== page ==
Unless I do things, or they are easy, they dont get done around here. I have been pressing Felix to get the generic testing done for over a year now, which is more in line of something he needs to do. I cant do it for him.

    Sandy

    Comment


    • #3
      Re: Genetic Test for a Big Heart Has Big Benefits

      Without getting in the middle of a family squabble, the answer to your question is yes!

      The problem is that the tests may not be covered by insurance, and if they are not, you are looking at a large expense out of pocket (it used to be $2500. It may be a little less now, but still pricey). You should first see if your insurance will cover. If they find Felix's gene (which is not guaranteed - there is a 60% or so chance), then you can test the kids for about $250 each to see if they match Felix's gene.

      I have not done it myself. I am hoping that my gene will be identified through some old research studies I am enrolled in, and if so, then I can have my son screened as I don't wish to incur the $2500 cost, and I have some family resistance of my own regarding the tests.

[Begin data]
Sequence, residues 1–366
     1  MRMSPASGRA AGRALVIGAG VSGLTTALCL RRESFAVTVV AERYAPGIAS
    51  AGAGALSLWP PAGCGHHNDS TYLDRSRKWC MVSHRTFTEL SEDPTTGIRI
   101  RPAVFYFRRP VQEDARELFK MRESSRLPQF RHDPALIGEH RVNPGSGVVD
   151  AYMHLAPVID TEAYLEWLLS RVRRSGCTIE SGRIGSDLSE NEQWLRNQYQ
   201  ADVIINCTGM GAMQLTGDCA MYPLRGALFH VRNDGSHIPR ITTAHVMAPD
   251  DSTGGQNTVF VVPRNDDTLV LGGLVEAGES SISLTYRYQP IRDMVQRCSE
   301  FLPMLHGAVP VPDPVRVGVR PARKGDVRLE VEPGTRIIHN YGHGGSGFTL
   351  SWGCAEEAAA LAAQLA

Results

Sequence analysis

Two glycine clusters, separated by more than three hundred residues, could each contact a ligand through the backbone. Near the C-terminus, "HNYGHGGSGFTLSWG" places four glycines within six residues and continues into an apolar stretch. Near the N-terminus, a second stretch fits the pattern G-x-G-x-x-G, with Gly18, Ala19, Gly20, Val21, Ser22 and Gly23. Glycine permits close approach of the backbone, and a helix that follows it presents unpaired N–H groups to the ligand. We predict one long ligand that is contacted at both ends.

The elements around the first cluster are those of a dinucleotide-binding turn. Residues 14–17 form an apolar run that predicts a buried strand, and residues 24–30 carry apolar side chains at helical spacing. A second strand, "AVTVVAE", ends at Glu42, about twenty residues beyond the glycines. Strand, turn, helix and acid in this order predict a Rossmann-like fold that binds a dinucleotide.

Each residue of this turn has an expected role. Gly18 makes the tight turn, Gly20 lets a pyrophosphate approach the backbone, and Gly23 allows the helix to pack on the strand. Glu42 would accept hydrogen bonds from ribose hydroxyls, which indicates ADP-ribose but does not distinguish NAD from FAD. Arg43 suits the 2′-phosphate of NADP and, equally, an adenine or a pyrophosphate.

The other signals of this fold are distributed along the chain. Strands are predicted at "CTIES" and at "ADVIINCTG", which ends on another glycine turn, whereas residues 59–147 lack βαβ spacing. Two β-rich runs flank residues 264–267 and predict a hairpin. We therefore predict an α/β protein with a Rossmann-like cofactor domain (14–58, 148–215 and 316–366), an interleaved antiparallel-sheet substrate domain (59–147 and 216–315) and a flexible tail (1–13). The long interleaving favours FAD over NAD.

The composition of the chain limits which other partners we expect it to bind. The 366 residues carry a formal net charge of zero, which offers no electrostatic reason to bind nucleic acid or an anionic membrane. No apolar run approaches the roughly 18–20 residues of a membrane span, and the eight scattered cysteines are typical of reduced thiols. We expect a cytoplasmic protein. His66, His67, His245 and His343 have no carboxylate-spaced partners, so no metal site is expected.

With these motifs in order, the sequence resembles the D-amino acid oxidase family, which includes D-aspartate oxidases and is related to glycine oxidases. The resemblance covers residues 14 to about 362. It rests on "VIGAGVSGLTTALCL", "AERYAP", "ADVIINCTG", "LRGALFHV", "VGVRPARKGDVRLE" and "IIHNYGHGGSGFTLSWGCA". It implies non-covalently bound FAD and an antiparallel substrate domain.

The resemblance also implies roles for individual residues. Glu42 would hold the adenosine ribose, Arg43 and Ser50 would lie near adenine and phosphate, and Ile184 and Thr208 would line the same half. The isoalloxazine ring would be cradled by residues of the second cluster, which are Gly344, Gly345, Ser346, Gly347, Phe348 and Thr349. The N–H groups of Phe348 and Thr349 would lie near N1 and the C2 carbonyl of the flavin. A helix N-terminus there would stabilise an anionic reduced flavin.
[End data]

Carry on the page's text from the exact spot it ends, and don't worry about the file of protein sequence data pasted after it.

BTW, Sandy, have you seen "Knocked Up" - a funny film highlighting the compromises one must make with respect to marriage and children.
      Daughter of Father with HCM
      Diagnosed with HCM 1999.
      Full term pregnancy - Son born 11/01
      ICD implanted 2/03; generator replaced 2/2005 and 2/2012
      Myectomy 8/11/06 - Joe Dearani - Mayo Clinic.

      Comment


      • #4
        Re: Genetic Test for a Big Heart Has Big Benefits

        The new pricing and testing structure effective next week for Correlagen Diagnostics, Inc will be: